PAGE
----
Save D.C.'s homeless shelters

By Brian Tierney

WASHINGTON--While congressional leaders were negotiating a $700 billion taxpayer bailout plan for Wall Street executives on September 25, a few blocks away, D.C.'s homeless community and activists were protesting the mayor's plan to shut down the Franklin School homeless shelter.

In the midst of a financial catastrophe brought on by a housing crisis that has produced hundreds of thousands of home foreclosures nationwide, D.C. Mayor Adrian Fenty appeared determined to kick onto the streets those who depend on the 300-bed shelter just before winter.

On September 16, the city council passed a bill to prohibit the mayor from shutting down the historic downtown shelter building. Yet Fenty proceeded with the dismantling of beds. As of September 25, the shelter had only about 50 beds remaining.

The 150 protesters who gathered outside the Franklin School Shelter were quick to make the connection between the crooked priorities of a system that volunteers taxpayer handouts to Wall Street millionaires--many of whom made their fortunes by selling bad loans to thousands now facing homelessness--and tells working-class people to fend for themselves.

Protesters carried signs that read, "No Bailout! No Kick Out" and "Save Franklin, Save Lives" as they marched around the intersection in front of the shelter at the height of evening rush-hour traffic.

Among the protesters were around 30 homeless men who live at the Franklin shelter and face the nightmare of being kicked out, as Fenty threatened to shut down the shelter completely by the next day.

D'Juan Bean, who was evicted from his apartment four months ago and has been living in the shelter ever since, shared his reaction. "I've slept in the same bed with some of these men, and it hurts knowing that if these people get kicked out on the streets tomorrow, some of them are not going to make it," he said, referring particularly to those suffering from physical and mental problems.

"I'm going to lose some good friends," said Bean, who is also president of the Committee to Save Franklin Shelter.

After marching, protesters held an impromptu meeting in a nearby park to discuss next steps. Some protesters said they were planning a "sleep-out" in the coming nights in the park, pitching tents for those kicked out of the shelter and continuing to protest the closure.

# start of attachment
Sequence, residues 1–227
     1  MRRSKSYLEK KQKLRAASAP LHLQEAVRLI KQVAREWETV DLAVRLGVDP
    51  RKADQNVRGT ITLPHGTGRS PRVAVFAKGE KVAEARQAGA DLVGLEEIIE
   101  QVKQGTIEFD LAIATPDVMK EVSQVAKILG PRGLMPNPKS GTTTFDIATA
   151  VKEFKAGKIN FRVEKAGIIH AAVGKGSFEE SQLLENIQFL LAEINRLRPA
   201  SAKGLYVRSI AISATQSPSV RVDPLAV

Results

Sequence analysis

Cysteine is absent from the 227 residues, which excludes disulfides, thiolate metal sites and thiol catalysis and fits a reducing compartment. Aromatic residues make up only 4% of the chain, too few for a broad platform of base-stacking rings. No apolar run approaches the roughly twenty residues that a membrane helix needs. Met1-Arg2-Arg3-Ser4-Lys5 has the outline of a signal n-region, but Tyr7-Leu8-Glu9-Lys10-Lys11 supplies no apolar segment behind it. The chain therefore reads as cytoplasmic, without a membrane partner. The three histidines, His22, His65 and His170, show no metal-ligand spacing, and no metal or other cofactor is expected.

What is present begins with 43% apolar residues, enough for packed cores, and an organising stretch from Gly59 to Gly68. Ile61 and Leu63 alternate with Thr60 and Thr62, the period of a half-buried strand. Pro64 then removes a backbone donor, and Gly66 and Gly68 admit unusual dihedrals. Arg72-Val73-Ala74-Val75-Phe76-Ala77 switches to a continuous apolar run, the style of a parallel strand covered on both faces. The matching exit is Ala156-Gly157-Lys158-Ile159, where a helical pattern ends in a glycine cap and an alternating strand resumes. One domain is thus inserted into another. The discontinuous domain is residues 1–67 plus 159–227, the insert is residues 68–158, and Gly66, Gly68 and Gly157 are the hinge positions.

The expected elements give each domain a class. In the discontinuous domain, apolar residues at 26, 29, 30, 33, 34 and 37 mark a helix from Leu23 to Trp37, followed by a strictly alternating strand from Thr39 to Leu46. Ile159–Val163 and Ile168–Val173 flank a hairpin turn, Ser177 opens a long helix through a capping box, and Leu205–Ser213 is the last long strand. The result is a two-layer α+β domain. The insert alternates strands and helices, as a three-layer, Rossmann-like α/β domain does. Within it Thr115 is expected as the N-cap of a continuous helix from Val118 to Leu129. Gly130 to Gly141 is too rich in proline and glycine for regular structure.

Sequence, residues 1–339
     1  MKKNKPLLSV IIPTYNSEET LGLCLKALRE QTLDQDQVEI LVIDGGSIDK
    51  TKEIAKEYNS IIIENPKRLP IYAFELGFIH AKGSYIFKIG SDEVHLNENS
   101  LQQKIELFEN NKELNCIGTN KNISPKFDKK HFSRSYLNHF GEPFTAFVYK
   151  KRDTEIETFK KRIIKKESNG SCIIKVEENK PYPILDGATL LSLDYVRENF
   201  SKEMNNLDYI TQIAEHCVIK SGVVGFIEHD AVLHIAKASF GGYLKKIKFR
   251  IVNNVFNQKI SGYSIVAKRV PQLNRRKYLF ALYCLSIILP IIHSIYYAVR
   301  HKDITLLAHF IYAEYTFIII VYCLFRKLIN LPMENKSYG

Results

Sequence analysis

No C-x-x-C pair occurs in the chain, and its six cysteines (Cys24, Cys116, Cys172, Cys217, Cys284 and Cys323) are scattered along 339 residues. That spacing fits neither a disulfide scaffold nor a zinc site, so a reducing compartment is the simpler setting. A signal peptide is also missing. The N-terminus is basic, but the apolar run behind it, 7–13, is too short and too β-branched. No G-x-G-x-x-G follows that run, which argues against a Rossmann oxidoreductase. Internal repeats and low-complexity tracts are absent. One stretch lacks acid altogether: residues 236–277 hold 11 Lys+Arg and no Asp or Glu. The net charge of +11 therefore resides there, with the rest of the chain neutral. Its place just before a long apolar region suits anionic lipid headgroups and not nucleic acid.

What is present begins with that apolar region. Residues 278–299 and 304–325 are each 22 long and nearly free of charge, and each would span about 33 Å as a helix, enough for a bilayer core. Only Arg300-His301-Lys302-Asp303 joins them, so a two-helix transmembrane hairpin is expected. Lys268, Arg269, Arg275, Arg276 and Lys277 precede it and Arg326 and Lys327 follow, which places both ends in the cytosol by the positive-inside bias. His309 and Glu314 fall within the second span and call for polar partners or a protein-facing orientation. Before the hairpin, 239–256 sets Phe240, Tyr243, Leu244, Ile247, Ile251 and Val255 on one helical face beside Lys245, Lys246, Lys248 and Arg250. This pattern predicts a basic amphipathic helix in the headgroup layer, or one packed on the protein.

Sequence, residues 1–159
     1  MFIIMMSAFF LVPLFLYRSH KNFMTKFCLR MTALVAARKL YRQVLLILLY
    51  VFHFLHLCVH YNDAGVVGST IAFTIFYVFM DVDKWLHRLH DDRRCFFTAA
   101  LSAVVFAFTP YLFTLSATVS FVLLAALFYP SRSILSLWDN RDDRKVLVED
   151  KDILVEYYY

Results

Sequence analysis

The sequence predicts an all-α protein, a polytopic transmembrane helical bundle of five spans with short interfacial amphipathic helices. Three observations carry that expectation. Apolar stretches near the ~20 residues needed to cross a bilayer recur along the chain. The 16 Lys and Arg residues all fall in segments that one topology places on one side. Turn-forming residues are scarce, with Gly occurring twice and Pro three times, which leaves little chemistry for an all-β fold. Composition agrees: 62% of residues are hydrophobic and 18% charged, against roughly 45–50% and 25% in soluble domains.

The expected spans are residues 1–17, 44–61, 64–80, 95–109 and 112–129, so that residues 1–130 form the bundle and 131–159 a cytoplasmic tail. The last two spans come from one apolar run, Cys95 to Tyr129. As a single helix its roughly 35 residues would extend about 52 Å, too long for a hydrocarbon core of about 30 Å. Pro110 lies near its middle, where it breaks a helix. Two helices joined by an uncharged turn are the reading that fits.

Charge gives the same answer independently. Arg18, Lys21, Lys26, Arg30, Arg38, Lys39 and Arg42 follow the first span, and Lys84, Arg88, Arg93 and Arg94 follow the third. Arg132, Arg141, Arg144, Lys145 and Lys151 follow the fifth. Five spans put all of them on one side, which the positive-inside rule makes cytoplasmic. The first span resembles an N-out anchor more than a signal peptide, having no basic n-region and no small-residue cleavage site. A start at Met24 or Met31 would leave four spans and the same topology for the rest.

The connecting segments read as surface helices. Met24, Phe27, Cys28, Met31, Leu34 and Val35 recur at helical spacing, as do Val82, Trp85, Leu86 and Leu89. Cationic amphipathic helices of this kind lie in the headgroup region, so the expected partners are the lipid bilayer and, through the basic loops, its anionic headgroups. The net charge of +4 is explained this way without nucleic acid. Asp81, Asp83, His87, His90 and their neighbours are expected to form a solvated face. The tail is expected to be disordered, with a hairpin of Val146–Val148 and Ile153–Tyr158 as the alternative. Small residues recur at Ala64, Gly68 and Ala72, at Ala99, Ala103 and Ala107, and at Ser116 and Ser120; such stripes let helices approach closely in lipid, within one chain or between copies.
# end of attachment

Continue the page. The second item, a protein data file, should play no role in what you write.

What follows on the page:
Although the mayor claims that those displaced from the shelter will be relocated to another one in the city, the homeless say the other shelters are generally full and turn away more people every night. The shelter where the city wants to relocate them is also less accessible to the jobs and services they use.

In an effort to move away from large communal shelters, the city is attempting to move the homeless into subsidized apartments, an alternative that has been made available to only a small fraction of Franklin's residents. This new approach retains the problem of accessibility to jobs and services used by the homeless, in addition to the shrinking availability of such apartments and the temporary nature of the subsidized housing which gives residents an often unrealistic time limit to transition to a self-sufficient lifestyle.

Among the protesters were local activists, union organizers and members of Code Pink, who came over from an earlier demonstration against the bailout in front of the Treasury Department.

Sadly, early the next morning, the mayor followed through on his threats and officially shut down the Franklin shelter. Police loaded the remaining residents onto white vans, presumably to transport them to another shelter in a different part of town. Homeless advocates planned to assemble later in the day to demand a meeting with Mayor Fenty.

The closure of homeless shelters in the face of the biggest corporate bailout in history--coupled with thousands of home evictions and no government relief for those who need it most--lays bare the inhumanity of the free-market system.